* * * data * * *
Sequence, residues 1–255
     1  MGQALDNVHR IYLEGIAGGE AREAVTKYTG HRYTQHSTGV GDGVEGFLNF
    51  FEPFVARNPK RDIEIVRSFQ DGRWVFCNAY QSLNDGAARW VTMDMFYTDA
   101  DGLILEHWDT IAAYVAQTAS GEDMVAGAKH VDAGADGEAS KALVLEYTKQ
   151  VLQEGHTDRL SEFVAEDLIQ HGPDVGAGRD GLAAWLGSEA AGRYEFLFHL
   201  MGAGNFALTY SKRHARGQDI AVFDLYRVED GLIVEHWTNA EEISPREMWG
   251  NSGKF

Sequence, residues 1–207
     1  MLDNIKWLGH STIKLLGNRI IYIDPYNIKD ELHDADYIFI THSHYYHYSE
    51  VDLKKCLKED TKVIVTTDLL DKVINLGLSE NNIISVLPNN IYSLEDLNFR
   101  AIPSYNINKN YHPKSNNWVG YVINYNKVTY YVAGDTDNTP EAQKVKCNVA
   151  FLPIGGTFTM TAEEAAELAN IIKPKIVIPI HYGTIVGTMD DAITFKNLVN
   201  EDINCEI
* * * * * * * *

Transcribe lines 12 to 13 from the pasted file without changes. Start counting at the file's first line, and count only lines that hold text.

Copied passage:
   151  FLPIGGTFTM TAEEAAELAN IIKPKIVIPI HYGTIVGTMD DAITFKNLVN
   201  EDINCEI